Healthy Homes, Healthy Kids

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OPINION

THE SOAPBOX

Stand up. Speak up. It’s your turn.


Many kids are facing educational challenges in Manchester and for some, it can extend well beyond mastering reading, writing and arithmetic. Poor indoor air quality can sicken otherwise healthy children and put those with breathing issues such as asthma, or with allergies, at serious risk.  Poor indoor air quality can also be a contributing factor to the development of asthma. Indoor air quality can be affected by second-hand and third-hand smoke, faulty gas appliances, dust-mites, pest droppings, misuse of pesticides, mold and moisture problems and even some cleaning chemicals.

Dust can contain another serious health hazard – particles of leada toxin that is especially harmful to children under age six when the brain is rapidly developing. Young children often explore their world by touching and then tasting. In older homes with deteriorating lead paint, this normal behavior exposes children to lead poisoning.  Even very small amounts of lead can cause a host of significant health issues including damage to the brain and nervous system, slowed growth and development, learning and behavior problems, ADHD (Attention Deficit Hyperactive Disorder) and hearing and speech problems. 

If left unchecked, these issues can have a devastating effect on a child’s ability to learn and thrive. Beyond the educational impact, this can also lead to days lost from work by parents and care givers. Taken together, the downstream impact of indoor health challenges can have devastating consequences.

But there is good news.

Thanks to collaborative efforts underway in New Hampshire, better health literally starts at home for those served by The Way Home, a community-based nonprofit promoting access to safer housing. Healthy housing to support healthy children is at the heart of many of our program services. Led by experienced and caring staff, The Way Home combines rental housing counseling with healthy home services. Apartment inspections review potential environmental health hazards in the home. Once the risks are identified, staff from The Way Home work with local partners to resolve those issues by combining education, advocacy and technical assistance. The program helps lowincome tenants obtain items to reduce asthma triggers and lead dust such as HEPA vacuums which efficiently trap dust particles. The Way Home also helps landlords and tenants work together to address these concerns, resulting in a safer environment for families and the removal of a potential barrier to educational success for kids.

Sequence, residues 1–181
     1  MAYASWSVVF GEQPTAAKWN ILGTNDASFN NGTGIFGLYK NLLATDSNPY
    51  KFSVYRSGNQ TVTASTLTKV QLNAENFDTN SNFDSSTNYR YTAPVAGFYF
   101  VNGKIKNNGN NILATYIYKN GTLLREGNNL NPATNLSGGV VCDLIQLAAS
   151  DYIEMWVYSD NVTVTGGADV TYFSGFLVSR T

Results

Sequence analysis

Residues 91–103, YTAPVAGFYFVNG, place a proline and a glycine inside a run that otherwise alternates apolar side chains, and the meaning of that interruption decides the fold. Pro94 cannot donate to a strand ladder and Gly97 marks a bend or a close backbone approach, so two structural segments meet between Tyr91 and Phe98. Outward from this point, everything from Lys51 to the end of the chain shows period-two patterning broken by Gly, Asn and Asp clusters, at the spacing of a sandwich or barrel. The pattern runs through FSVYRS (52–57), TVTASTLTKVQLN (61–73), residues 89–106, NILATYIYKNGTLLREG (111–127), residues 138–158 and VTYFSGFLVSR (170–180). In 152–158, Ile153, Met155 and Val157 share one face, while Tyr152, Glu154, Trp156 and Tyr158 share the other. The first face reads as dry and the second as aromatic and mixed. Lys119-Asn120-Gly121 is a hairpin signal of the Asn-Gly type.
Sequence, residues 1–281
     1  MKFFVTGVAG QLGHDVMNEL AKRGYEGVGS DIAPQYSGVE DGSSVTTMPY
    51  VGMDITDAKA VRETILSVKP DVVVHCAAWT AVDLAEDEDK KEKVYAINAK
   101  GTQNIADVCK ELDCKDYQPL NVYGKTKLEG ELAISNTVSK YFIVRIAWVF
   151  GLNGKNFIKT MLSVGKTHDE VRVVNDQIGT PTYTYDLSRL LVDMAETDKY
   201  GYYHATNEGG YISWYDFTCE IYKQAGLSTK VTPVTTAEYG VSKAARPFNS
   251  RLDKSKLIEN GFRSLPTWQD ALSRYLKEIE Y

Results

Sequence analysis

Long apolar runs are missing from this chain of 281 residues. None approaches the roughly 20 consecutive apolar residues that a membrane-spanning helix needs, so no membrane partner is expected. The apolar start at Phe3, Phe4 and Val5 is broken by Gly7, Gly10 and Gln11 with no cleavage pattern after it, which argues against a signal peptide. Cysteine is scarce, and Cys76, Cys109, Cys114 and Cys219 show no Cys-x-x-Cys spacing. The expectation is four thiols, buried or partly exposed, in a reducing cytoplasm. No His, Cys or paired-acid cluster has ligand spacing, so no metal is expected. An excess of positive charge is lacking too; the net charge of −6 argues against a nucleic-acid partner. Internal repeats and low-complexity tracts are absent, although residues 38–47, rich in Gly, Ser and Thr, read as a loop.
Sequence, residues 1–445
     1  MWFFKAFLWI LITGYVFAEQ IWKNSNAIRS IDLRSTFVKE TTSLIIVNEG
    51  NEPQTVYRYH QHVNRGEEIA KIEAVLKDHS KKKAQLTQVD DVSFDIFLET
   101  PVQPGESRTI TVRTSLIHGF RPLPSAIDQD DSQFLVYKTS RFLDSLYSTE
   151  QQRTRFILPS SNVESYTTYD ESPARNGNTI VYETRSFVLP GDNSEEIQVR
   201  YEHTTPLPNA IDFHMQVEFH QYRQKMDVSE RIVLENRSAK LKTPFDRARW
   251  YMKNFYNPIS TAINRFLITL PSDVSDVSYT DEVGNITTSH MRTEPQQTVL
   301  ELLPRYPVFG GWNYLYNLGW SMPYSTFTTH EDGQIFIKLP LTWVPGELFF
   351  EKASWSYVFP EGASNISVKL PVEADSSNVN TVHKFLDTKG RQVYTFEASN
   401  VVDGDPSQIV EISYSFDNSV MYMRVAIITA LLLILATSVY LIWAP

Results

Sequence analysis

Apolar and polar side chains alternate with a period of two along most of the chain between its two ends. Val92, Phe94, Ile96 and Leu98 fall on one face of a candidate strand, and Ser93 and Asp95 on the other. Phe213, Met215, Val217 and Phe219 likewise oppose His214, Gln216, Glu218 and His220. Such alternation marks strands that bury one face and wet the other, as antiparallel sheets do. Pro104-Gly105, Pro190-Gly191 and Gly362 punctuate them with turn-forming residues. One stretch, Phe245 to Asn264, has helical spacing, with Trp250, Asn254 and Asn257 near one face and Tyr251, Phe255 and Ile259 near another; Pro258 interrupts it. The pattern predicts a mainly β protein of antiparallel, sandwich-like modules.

The Way Home began working with the Manchester Health Department and the NH Division of Public Health on lead poisoning concerns 30 years ago with a goal of helping low income parents gain skills to protect their children from lead paint exposure.

But, since lead remediation can be costly, we worked with the City of Manchester to bring HUD Lead Hazard Reduction funding to the community in 2003. Over the years, The Way Home has also worked with stakeholders across New Hampshire to support state legislation to protect our children. The 2018 passage of SB247 (a lead remediation bill) will protect more NH kids and provide additional resources to make housing safer.

Despite a strong economy and low unemployment rates, Manchester, like many areas in our state and elsewhere, has a high number of homeless families whose incomes cannot compete for decent housing. The high cost of housing compared to incomes (the affordable housing gap) is a major cause of housing instability. This lop-sided growing economy is pushing up rental costs and increasing this gap for low wage earners.

Because children can be overlooked in this environment, The Way Home continues to promote programs to help families gain skills and resources to secure safer housing. In 2017, we were able to provide housing counseling for 610 households benefiting over 1300 individuals, including 498 children. We also helped 192 households secure apartments pre-inspected to meet health and safety standards with additional assistance provided to families with children. By providing a healthier foundation for kids and giving parents educational tools and resources, we are helping build a better foundation and brighter future for kids.

Now celebrating our 30th year of service, The Way Home’s daily mission is to assist lower income families and individuals to obtain and keep safe, affordable housing and offer supportive services to nurture the independence of those we serve and advocate for greater opportunity.

As we look ahead to our next 30 years and continued work as part of the area’s social services safety net, we offer our heartfelt thanks to our dedicated staff, committed volunteers, generous and kind donors and like-minded community partners.


Beg to differ? Agree to disagree? Send your topical submissions for The Soapbox to robidouxnews@gmail.com.


 

Mary Sliney is Executive Director and Founder of The Way Home and has advocated for a broad range of homeless issues for more than 30 years.  To learn more about The Way Home, please visit www.thewayhomenh.org.